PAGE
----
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What does the increase in patents do for the High Tech sector? | EP&C

High Tech patents

The Netherlands Enterprise Agency (Rijksdienst voor Ondernemend Nederland) recently published the 2020 patent application statistics (in Dutch). The most striking of these being a close to 13% increase in the number of Dutch patent applications compared to 2019. Another striking statistic relates to the share that foreign parties have in the total number of applications. That number increased from 451 to 816, which is a quarter of all of last year's applications. This increase in the number of patent applications and the involvement of foreign players seriously increases the chances of you, as an innovative entrepreneur, committing an infringement. This makes a so-called Freedom to Operate study all the more important.

But before I explain what this entails, it might be useful for you to have a better idea of the extent of that foreign involvement. Based on the RVO figures, it is not yet possible to identify the exact nature of applications and who is behind them. However, the European Patent Office, which keeps track of all European applications, does provide a little more information.

Important players in the high tech sector

Their annual report shows by sector from which countries the majority of applications come. A large proportion of high-tech innovations are probably in the digital communications category, where there has been an increase in the number of applications from China. Spearheaded by Huawei, the total number of applications from Chinese parties in this category is just as big as those from all European parties combined.

What does this mean for you?

In essence it means that your market is becoming more competitive. As a result you have less and less room to innovate, especially in a sector where intellectual property plays such a key role. The more players, the more patents, the greater the chance of an infringement. And this may happen to you sooner than you think. How this works is perhaps best explained by this example of a bicycle.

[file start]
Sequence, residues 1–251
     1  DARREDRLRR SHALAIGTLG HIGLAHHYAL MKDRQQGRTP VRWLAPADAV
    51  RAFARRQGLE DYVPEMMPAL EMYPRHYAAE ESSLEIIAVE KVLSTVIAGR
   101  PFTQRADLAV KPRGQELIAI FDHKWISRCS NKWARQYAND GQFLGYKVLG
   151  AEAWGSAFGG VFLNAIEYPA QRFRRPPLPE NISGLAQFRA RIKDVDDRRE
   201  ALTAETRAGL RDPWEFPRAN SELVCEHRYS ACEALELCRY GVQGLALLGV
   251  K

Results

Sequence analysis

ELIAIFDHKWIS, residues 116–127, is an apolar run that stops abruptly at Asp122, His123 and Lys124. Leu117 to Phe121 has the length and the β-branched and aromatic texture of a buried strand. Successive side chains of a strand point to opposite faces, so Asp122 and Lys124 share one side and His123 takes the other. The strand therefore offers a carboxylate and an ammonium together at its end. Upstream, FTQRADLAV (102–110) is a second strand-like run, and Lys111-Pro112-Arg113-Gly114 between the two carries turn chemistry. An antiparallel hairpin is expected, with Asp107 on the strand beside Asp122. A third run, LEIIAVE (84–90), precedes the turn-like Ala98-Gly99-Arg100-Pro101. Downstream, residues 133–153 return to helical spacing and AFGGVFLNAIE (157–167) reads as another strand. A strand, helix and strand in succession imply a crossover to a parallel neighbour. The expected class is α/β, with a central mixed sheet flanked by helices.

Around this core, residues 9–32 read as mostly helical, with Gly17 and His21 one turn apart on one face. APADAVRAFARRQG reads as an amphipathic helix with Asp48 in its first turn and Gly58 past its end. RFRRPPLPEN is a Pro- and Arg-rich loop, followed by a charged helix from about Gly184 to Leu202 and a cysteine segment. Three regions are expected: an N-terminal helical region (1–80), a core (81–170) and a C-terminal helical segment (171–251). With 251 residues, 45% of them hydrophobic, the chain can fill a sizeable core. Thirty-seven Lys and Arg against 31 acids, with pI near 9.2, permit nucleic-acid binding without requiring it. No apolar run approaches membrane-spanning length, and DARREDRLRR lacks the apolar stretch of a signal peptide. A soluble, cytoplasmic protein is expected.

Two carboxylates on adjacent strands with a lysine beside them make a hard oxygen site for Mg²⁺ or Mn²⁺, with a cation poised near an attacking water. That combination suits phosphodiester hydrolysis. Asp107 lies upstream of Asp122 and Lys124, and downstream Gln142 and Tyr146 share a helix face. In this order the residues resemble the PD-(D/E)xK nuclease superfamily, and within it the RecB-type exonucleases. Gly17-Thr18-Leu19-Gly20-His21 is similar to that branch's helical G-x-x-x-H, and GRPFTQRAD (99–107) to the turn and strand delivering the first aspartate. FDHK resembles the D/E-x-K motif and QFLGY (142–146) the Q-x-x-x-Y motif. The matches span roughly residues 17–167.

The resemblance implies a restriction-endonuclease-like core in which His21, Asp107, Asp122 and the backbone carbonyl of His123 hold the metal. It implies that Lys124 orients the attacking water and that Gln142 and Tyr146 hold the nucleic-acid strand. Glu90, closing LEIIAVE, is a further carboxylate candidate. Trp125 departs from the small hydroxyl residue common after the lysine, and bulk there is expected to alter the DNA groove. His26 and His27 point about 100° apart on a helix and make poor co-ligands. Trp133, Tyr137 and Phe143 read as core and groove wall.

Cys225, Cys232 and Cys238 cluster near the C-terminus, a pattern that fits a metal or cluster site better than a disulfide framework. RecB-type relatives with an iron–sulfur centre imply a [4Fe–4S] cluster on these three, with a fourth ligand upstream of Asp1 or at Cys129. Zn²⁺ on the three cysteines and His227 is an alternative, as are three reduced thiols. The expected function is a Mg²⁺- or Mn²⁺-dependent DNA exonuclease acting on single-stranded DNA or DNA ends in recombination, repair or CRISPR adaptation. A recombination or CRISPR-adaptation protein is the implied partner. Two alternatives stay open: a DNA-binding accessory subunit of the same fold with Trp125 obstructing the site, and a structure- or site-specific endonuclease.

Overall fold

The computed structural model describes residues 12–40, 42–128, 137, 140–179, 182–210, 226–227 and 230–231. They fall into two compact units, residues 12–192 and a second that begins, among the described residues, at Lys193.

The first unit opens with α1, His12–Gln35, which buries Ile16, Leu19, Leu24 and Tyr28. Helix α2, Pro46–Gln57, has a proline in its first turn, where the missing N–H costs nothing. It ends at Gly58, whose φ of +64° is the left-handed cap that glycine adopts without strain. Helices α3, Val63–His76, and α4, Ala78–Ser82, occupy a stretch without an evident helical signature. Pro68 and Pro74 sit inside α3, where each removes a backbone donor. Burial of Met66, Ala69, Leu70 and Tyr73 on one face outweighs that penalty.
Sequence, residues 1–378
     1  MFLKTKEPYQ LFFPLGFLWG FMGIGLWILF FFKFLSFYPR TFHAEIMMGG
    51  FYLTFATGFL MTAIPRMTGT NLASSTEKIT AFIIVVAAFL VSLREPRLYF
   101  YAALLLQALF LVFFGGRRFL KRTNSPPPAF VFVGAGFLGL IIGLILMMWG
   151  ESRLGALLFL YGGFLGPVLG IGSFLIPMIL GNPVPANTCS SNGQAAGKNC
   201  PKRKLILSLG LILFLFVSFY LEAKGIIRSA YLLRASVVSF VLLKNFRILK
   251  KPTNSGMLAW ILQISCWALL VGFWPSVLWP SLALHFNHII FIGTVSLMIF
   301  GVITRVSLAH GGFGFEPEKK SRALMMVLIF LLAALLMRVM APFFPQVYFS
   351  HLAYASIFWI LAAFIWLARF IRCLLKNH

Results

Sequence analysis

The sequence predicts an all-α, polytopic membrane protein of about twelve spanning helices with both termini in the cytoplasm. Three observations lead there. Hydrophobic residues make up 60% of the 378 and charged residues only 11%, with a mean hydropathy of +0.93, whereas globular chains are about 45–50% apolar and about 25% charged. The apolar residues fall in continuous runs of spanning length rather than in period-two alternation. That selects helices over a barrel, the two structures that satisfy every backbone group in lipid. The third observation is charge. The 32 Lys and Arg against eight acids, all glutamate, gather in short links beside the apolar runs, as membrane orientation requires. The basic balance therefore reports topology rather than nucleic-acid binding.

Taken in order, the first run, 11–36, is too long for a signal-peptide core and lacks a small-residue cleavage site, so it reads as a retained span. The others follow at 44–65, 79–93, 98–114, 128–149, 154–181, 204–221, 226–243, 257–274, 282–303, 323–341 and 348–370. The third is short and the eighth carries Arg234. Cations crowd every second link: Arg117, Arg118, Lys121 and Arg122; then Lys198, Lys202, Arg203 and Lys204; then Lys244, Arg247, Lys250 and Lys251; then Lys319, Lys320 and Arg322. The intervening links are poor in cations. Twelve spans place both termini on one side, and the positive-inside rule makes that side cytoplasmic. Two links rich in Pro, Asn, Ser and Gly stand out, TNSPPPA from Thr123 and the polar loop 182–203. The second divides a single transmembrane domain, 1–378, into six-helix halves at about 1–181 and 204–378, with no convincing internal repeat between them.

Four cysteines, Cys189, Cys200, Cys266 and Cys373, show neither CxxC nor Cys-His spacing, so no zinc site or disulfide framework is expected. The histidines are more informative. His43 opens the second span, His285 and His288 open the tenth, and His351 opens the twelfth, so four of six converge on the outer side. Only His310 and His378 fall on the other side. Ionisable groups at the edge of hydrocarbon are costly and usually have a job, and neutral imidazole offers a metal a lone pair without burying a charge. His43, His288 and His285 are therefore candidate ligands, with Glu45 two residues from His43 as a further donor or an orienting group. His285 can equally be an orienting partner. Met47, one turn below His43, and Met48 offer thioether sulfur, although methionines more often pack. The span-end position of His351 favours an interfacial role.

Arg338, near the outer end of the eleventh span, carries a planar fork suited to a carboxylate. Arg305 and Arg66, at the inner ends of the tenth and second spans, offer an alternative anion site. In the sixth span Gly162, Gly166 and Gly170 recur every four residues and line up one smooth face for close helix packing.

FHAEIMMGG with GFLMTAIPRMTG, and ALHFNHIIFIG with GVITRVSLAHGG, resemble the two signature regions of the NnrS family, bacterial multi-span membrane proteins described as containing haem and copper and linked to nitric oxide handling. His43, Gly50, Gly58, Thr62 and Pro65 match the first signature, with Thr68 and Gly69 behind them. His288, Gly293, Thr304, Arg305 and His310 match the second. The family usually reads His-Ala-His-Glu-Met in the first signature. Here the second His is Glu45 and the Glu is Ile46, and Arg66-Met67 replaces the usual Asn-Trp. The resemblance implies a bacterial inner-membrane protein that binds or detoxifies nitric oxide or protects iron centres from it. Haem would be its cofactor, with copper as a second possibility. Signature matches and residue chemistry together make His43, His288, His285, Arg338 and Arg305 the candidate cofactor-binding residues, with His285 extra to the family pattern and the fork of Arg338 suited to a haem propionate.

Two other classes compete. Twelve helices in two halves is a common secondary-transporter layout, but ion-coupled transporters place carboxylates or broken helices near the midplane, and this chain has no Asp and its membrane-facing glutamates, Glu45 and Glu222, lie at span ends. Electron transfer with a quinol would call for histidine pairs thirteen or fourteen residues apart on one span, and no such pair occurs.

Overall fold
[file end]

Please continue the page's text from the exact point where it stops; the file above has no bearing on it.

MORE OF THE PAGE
How does infringement work?

Suppose manufacturer X patents a bicycle without a saddle and you subsequently develop a bicycle with a saddle. As your idea is novel and inventive, you will be granted a patent on the product. However, you are not allowed to simply start manufacturing bicycles with a saddle because you would still be infringing manufacturer X's patent: the bicycle without the saddle. Without manufacturer X, there would be no bicycle, and therefore also no bicycle with a saddle. You are only allowed to sell your bicycle with a saddle if you reach agreements about this with manufacturer X. You could, for example, purchase a licence for the bicycle without a saddle.

Freedom to Operate

A Freedom to Operate study determines how your idea compares with your competitors' innovations and whether their innovations are already protected. The study therefore looks into whether any bicycles without saddles have been patented in your market, and by whom. The annual figures show that there are more and more patents in general and presumably also within the high-tech industry. The likelihood that you will have to take someone else's intellectual property into account is increasing.

So if you are working on new innovations, you have to make sure that you are not encroaching on someone else's territory with your idea. We therefore recommend that you engage a patent attorney at an early stage who will search all databases for you and use the Freedom to Operate study to identify the opportunities and limitations for your innovation.